• On the first end 230 of the housing 200 is an electrical interface 202 which in one embodiment is configured as two parallel rows of metal pads 203 a and 203 b respectively, implemented on a flexible connector strip. Other embodiments may utilize a connector with electrical pins. The electrical interface 202 is configured to receive power and control information-containing electrical signals (which may have an RF frequency from 10 to 25 GHz, or in four channels each in the range of 10 to 25 GHz), or controOI signals such as a signal to adjust the wavelength of the laser, or other characteristics of the output laser beam.
  • An optical output interface 800 extends outward from the second end 231 of the housing 200. In one embodiment, the optical output interface 800 is an optical fiber ferrule or “pigtail” aligned with the major axis X of the housing 200. The optical output interface 800 is configured to transmit a continuous wave optical beam that is emitted from the laser components 300 over an optical fiber contained within the interface. The optical output power may be 40 mW or less.
  • The laser components 300 generally include an external cavity laser and coupling optics 320. The external cavity laser 310 includes a first subassembly 311 including a diode gain chip comprising a Fabry-Perot diode laser with a substantially non-reflective front facet and a highly reflective rear facet. The gain chip may also include a curved-waveguide structure as more particularly described in U.S. patent application Ser. No. 13/567,307, filed Aug. 6, 2012.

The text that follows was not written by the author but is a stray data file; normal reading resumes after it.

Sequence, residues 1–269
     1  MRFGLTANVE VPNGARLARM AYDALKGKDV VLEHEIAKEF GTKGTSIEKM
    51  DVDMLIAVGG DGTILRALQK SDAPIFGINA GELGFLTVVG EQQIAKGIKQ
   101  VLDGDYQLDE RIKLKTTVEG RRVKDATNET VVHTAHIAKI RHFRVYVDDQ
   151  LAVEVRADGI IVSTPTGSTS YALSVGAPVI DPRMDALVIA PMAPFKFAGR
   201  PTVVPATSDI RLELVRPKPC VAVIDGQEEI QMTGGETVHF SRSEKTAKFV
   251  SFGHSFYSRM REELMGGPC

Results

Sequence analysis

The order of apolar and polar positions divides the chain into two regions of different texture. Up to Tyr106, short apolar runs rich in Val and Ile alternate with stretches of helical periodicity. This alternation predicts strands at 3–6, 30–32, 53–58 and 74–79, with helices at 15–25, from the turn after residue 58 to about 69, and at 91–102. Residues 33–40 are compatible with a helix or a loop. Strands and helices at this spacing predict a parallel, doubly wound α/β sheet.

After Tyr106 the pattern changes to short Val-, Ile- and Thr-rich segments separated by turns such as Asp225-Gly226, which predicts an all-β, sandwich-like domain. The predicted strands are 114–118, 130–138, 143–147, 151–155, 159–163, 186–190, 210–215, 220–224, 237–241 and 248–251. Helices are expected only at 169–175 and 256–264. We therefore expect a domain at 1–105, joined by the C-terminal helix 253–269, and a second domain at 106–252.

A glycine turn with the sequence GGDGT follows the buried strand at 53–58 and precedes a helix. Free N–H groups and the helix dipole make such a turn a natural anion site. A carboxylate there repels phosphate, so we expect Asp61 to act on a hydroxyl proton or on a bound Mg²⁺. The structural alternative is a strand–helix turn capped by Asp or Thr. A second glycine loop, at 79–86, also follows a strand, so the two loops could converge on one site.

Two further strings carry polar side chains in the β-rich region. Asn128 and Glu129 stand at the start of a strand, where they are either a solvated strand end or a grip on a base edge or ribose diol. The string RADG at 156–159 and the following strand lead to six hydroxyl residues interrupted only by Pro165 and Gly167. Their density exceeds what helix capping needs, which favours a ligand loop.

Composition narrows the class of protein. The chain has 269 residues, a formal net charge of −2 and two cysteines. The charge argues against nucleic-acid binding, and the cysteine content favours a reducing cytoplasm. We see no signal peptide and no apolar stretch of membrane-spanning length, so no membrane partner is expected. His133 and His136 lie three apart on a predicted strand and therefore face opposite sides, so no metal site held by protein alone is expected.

• FIG. 5 is a highly simplified detailed view of one implantation of the modulator 107 which is a single InP substrate. In this embodiment, the outgoing light beam from first reflective optical element 112 is represented by line 901 which enters the modulator subassembly and aligns with an optical assembly 902. The optical assembly 902 includes a beam splitter 904 which directs the beam 901 to a first reflector 903 and a second reflector 905. The beam 903 is then directed to a first modulator channel 906, which is an I-modulator, and a second modulator channel 907, which is a a-modulator. This I and Q modulator is implemented in one device 107, and the output of channels 906 and 907 are diverted to optical assembly 908, in which the beam from channel 906 is directed to first reflector 909, the beam from channel 907 is directed to second reflector 911, and the beams from reflectors 909 and 911 are combined in beam combiner 910 to produce a composite output beam 912.